Before reading this post, check out the two preceding posts on hockey conditioning:
Hockey Conditioning: To Bike or Not to Bike!
Hockey Conditioning: Shuttle Runs and Slideboards
As you may have noticed, I’m not a huge supporter of hockey players riding exercise bikes, but I am a huge supporter of slideboarding.
My opinion changes slightly when hockey players are in-season.
When players are on the ice for hours a week, they probably don’t need as much work in lateral and diagonal movement patterns because they get enough of that on the ice. To this extent, slideboarding consistently throughout the season could over-stress (or not allow for sufficient recovery) the hip adductors (“groin”) and lead to overuse (or under-recovery) injuries.
If Not Slideboards, Then What?
I generally think shuttle runs are a better alternative than exercise bikes if players NEED to condition (read below). With that said, one of the Hockey Strength and Conditioning Coaches I’ve learned the most from is Michael Boyle. He has his players ride exercise bikes in-season to decrease the risk of hip overuse injuries, as described above. However, he uses Schwinn Airdyne Exercise Bikes, which allow upper body movement and a more upright posture. These bike design changes remove many of the downsides of using exercise bikes for conditioning hockey players.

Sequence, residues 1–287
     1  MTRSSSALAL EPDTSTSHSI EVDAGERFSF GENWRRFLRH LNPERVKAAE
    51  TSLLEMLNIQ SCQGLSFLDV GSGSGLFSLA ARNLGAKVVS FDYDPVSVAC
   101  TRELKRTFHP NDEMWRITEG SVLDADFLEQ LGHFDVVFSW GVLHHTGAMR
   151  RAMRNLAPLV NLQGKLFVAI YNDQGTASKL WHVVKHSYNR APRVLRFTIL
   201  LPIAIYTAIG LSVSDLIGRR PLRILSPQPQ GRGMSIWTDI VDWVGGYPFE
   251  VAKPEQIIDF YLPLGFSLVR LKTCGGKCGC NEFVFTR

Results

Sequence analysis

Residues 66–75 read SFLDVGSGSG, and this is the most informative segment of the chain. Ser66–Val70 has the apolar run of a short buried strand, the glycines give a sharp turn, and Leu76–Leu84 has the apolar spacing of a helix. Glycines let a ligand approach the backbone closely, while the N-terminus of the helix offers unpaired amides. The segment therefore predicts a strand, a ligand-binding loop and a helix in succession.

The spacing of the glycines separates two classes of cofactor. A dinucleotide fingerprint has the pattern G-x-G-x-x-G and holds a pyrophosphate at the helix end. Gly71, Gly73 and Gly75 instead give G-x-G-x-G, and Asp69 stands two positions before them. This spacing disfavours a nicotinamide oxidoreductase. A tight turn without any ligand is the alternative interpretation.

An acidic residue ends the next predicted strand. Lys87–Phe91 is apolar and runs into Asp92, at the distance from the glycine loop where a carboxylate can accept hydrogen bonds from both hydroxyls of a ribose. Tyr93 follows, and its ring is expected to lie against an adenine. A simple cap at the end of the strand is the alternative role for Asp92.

Do Hockey Players Need to Condition In-Season At All?
The amount of in-season conditioning players need depends on the amount of ice time they get and the composition of that ice time. There is nothing more hockey-specific than skating intervals. If coaches build conditioning-type drills into their practice or go through familiar drills at a high tempo, it’s likely that many players won’t need ANY off-ice conditioning.
Train Hard. Train Smart.
P.S. If you want to use a PROVEN ice hockey training system this off-season to guarantee you enter tryouts and next season at your best, check out my Off-Ice Training course.
Kevin has rapidly established himself as a leader in the field of physical preparation and sports science for ice hockey. He is currently the Head Performance Coach for the Boston Bruins, where he oversees all aspects of designing and implementing the team’s performance training program, as well as monitoring the players’ performance, workload and recovery. Prior to Boston, Kevin spent 2 years as an Assistant Strength and Conditioning Coach for the San Jose Sharks after serving as the Director of Performance at Endeavor Sports Performance in Pitman, NJ. He also spent 5 years as a Strength and Conditioning Coach with USA Hockey’s Women’s Olympic Hockey Team, and has been an invited speaker at conferences hosted by the NHL, NSCA, and USA Hockey.